Health Care Clinics

Health care clinics

Health care clinics are available to the public as an alternative to the traditional hospital. They are walk-in friendly and can help assist patients with an array of basic maladies, much like a hospital’s emergency room. Due to the low-cost, and/or free nature of clinics, they have become the “safety net” for emergency room patients unable to pay for service. Providing free or low-cost healthcare to a small community was the flagship concept of health care clinics. First started by Dr. David Smith on June 7, 1967, as “The Haight Ashbury Free Medical Clinic” health care was recognized as “a right and not a privilege”. This notion is what has helped propel the Obamacare legislation and has given healthcare to millions of Americans. If you fall into the category of uninsured, there are many options for coverage within “ObamaCare”. For more information on specific plans visit the ObamaCare Facts website.

Most schools have healthcare facilities that accommodate students with or without health insurance. A sustainable option for medical care can come in the form of student-run facilities, these are available in most U.S. medical schools. With the creation of The Society of Student-Run Free Clinics (SSRFC) began a new hallmark of free clinics across the United States. In 2008 The Society of Teachers of Family Medicine (STFM) began to provide free health-care conferences to the public. This helped spark what would later become many nationwide conferences to help raise awareness of this opportunity for young student doctors to help patients in an efficient and effective way. A culmination of information collected utilizing the internet from May until December of 2005, states that 49 schools out of 124 (76%) American Medical allopathic Colleges had at least one free student-run clinic. Medical care is normally very costly but with many of these free clinics, private donors issue grants to help facilitate free health care. Among the beforementioned 71% have this benefit. The other clinics ask the public for donations that help them with expenses. All doctors and physicians are students and volunteer their knowledge and services just for the experience of working in the public. This symbiotic relationship might be one of the first signs of a truly egalitarian, United States.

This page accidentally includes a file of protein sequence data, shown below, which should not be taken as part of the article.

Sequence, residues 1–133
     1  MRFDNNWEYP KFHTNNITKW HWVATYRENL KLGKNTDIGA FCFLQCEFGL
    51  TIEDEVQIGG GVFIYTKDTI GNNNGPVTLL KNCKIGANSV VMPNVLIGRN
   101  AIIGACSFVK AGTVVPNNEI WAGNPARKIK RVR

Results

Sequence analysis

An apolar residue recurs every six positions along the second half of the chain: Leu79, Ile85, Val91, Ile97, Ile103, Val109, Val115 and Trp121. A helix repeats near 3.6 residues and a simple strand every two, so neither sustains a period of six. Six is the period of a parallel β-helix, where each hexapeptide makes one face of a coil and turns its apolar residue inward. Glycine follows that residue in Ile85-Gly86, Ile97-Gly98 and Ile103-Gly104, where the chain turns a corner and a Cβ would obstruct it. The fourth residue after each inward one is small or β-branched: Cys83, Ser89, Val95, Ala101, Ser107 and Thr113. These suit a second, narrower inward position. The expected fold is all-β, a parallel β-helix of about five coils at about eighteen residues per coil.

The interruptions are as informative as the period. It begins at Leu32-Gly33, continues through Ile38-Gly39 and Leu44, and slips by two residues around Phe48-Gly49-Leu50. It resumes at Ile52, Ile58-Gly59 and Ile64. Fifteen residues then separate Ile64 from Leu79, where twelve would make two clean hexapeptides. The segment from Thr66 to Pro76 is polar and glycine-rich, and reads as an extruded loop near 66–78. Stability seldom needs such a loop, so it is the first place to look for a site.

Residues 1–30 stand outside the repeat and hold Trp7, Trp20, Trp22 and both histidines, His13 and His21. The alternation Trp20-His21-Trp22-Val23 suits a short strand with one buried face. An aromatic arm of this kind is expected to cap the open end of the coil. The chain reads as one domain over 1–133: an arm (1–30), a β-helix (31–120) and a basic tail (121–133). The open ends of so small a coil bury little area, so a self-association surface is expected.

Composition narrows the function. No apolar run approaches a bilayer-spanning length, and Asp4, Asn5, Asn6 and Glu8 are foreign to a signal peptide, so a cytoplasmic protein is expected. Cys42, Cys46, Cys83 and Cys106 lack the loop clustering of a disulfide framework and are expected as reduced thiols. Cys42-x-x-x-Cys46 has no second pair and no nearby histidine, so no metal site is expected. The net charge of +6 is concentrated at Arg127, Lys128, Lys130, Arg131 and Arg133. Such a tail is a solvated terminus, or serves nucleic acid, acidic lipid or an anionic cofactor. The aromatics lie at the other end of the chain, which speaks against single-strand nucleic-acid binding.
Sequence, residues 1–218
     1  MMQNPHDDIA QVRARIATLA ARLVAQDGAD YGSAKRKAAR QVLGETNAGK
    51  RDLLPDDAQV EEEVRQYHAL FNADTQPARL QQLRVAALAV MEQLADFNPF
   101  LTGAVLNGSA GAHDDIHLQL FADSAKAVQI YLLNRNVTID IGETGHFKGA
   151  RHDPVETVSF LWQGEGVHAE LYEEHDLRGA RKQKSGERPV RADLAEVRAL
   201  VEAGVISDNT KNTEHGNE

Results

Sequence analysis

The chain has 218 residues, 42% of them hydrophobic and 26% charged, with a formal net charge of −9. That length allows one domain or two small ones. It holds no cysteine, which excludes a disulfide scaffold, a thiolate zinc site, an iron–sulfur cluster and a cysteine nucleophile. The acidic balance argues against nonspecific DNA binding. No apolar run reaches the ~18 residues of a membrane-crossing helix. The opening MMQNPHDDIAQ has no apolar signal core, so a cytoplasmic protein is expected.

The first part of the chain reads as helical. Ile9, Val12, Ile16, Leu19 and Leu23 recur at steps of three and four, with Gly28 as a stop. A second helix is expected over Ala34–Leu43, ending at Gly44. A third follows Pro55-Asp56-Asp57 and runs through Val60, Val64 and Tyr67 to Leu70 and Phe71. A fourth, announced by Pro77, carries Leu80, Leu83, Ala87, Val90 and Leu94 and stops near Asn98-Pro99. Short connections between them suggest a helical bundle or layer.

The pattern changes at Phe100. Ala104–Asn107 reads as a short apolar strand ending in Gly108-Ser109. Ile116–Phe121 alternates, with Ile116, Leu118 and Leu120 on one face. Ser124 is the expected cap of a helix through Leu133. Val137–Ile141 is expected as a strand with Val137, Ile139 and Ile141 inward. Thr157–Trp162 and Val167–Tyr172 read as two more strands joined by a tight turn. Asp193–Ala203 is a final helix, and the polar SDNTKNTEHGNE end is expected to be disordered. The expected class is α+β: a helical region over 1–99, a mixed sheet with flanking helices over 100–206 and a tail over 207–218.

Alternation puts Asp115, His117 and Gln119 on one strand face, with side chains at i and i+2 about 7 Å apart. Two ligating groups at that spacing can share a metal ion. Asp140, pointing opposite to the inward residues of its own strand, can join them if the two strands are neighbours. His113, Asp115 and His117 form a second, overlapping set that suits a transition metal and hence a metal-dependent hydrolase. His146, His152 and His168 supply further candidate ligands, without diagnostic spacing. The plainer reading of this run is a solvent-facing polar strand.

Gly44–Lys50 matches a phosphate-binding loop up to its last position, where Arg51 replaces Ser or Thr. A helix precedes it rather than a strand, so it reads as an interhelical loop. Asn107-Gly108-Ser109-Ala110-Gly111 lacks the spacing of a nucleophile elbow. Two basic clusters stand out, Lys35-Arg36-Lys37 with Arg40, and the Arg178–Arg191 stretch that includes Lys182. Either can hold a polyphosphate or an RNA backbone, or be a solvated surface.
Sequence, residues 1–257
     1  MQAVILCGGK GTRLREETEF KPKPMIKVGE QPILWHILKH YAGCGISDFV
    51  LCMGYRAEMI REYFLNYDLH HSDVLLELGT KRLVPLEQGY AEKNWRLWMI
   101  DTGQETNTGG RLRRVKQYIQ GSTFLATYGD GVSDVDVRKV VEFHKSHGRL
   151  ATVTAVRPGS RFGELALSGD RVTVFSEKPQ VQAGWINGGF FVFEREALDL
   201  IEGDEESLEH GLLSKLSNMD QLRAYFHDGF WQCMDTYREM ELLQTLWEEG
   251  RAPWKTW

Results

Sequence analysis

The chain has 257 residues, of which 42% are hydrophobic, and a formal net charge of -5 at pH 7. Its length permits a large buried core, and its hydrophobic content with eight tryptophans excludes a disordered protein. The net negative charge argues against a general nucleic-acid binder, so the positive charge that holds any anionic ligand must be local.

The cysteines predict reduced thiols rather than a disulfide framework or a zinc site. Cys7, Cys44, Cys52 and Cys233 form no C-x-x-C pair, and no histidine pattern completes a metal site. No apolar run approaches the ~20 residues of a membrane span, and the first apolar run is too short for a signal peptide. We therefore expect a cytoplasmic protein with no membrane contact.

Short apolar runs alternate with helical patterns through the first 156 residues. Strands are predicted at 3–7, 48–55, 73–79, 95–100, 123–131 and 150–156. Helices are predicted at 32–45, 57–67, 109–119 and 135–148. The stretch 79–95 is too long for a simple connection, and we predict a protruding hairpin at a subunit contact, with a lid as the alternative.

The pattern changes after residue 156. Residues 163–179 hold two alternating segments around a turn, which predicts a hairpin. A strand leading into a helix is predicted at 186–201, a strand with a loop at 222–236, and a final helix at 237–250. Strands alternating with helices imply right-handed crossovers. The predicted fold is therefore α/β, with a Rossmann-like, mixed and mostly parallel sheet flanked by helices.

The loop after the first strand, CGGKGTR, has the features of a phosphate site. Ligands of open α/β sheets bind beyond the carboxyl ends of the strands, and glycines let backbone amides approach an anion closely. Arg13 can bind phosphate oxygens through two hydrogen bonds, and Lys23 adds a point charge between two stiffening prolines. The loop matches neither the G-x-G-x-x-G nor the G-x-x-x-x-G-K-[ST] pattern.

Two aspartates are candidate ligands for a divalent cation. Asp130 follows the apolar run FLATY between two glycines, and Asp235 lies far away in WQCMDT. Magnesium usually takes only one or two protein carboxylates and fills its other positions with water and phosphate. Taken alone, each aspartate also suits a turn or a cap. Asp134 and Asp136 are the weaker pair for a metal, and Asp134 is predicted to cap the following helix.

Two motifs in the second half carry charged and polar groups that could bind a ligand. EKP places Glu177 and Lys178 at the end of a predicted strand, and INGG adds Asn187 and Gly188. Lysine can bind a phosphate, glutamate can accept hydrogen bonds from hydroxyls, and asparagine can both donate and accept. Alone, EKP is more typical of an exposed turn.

The commonality between most clinics is that the health care provided by the physicians are either volunteering or are getting paid via a donation. Utilizing new technology with an old school view of thinking is collectively creating a better future for all communities involved. As time is progressing we are witnessing the beginning stages of a society based on egalitarian beliefs. This will help grow the health of not only our current communities but our future communities alike.